Weyerhaeuser ordered to pay former mill worker

Forestry giant Weyerhaeuser has been ordered to pay a Saskatchewan man money after cutting his health benefits.

Forestry giant Weyerhaeuser has been ordered to pay a Saskatchewan man money after cutting his health benefits.

Former plywood mill employee Al Malfair recently won a partial victory — and $2,800 — after taking his case to small claims court in Melfort.

This case hinges around a severance agreement that Malfair signed when he was laid off in 1997 from the Hudson Bay mill by the then-owner Saskfor. Malfair, a manager at the mill, had been working there for almost 23 years.

His severance contract promised him and his wife extended health benefits for the rest of their lives — with the company paying the premiums.

When Weyerhaeuser took over Saskfor's assets in 1999, it took responsibility for Malfair's severance deal, too.

The company continued paying until 2010, when it made Malfair start paying 50 per cent of his health premiums.

He sued with the help of his son Gil and his son's mother-in-law Judith Doulis, both of whom are lawyers.

The company argued there was no breach of contract and that Malfair waited too long to sue.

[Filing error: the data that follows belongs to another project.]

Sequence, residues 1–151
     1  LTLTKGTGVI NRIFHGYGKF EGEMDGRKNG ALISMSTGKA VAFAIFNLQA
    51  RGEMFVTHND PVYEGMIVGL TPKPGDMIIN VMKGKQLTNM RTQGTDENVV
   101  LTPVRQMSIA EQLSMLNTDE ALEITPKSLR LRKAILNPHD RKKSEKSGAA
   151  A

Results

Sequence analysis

Judge Paul Demong disagreed, however, with a colourful analogy likening the case to a dispute between neighbours over an oak tree.

"The defendant’s argument is akin to neighbour A, who, frustrated with the shade thrown onto his land by the giant oak tree on neighbour B’s adjoining property, sends a letter to B advising him of A’s intent to chop the tree down ... and two years and five months later, with chainsaw, letter and thumb tack in hand, crosses onto B’s property, cuts down the tree and tacks a letter to the stump which advises B that he has no remedy," Demong said in the decision.

On Friday, the family learned that that Demong found that Weyerhaueser breached a contract.

Lawyer Gil Malfair said he tried to avoid going to court over the matter, but talks with Weyerehaueser weren't productive. Doulis said it made sense for Al Malfair's family to pitch in.

"When Al said 'Look at what they're doing,' we said, 'You know, you do have a few lawyers at your disposal,'" Doulis said.   The decision is a reminder for large companies that they can't unilaterally change or reinterpret contracts, she said.

Doulis added she's pleased with how it all worked out.

"I know the Malfairs and he [Al] is one of the typical hard-working people of our country," she said.